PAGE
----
I could go on and on with this list. Essentially we want to show the true historic financials with all of these items removed. Why do we do this? Because if we don’t, the starting point of your five-year forecasted income statement and balance sheets would not be accurate, enabling buyers to legitimately underbid for your company.

How To Value A Company For Acquisition: Producing A Pro Forma

Once we have recast your historic financials (this process can take anywhere from 2-3 weeks to several months depending on your availability and how clean your financials are), we then work with you to develop a credible revenue and profitability forecast for your company. We call this a “five-year pro forma.”

As mentioned, buyers will review your historical growth and will want answers for any fluctuations in the trend (either up or down). But what any professional buyer is really buying is not what your company has done in the past or the strength of your balance sheet today. No, what a buyer is really buying is the opportunity to earn and retain the profits shown in your five-year pro forma.

Again, this sounds more daunting than it really is. Our professional evaluation team has decades of experience working with business owners just like you to develop a forecast that is achievable, and from there, to develop defendable profit and loss statements that form the core of your evaluation.

One Method Does Not Fit All

Once the recasting is completed and an agreed upon pro forma is finalized, our team then determines which of all the various valuation methods out there are most credible for your company and industry. This is where the real “art” of valuing a business comes in, because there are a number of methods that can be used such as:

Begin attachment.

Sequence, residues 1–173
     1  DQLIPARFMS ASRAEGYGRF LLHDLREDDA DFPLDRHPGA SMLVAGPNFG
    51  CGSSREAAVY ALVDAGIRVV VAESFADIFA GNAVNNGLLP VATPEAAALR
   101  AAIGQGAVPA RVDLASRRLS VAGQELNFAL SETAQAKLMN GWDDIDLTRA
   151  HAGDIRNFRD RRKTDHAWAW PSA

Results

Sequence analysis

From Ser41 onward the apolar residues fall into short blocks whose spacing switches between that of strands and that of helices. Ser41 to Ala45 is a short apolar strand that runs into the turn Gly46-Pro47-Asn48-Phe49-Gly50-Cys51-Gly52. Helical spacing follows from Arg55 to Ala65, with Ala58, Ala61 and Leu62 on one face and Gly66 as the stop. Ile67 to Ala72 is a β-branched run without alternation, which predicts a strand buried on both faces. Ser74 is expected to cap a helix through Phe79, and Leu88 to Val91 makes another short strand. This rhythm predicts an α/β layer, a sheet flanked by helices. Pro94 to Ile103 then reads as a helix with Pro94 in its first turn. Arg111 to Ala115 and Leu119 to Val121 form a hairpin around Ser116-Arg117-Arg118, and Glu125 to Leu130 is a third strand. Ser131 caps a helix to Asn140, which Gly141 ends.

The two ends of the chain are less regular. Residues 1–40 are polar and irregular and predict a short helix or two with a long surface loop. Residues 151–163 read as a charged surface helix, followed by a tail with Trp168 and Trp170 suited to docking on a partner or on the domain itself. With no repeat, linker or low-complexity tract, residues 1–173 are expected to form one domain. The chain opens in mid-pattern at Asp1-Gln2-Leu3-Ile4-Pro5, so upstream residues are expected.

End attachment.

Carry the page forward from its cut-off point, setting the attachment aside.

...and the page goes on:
• Precedent transactions – completed deals in your industry that are potential indicators of value for your company
  • Public company comparables – this method uses publicly traded companies and their valuations to make a case for yours
  • Industry-developed rules of thumb – history has proven that in some industries deals are “normally” closed based on standard norms like 2x annual earnings plus (or minus) “X,” with X being any financial item your industry typically uses for valuations
  • Discounted cash flow (DCF) – this method takes your projected earnings after recasting and “discounts” them back to today’s dollars using a discount rate based on the relative “riskiness” of your opportunity

This is just a sample – there are a number of other methods used as well, many that can be unique to your industry and/or situation. The reality is, our team will typically look at 4-5 models in determining value and then use the one that is most defensible in the market. As you can imagine, developing the skillset to do this takes years. Fortunately our evaluation team is second to none in our industry in terms of experience and creativity in determining a company’s value.


That, in essence, is how to value a company for acquisition. In a thousand words or so I have covered what normally takes just part of a full day in a Generational Equity M&A seminar. If you are interested in learning more about our award-winning process, I encourage you to attend one of our complimentary, no-obligation M&A meetings entitled “How and When To Exit Your Company for the Most Profit – a Planned Exit Strategy.”

While at the seminar you will be able to visit one on one with our M&A professionals, who can discuss your specific situation and needs. But don’t expect them to tell you what your company is worth in that initial meeting. Remember, we need to do a full evaluation first.

To learn more please fill out a contact form or call us at 1-972-232-1121. If you decide not to work with us, please use a professional firm to represent you and avoid anyone who indicates that they can “value” your firm in any initial meeting.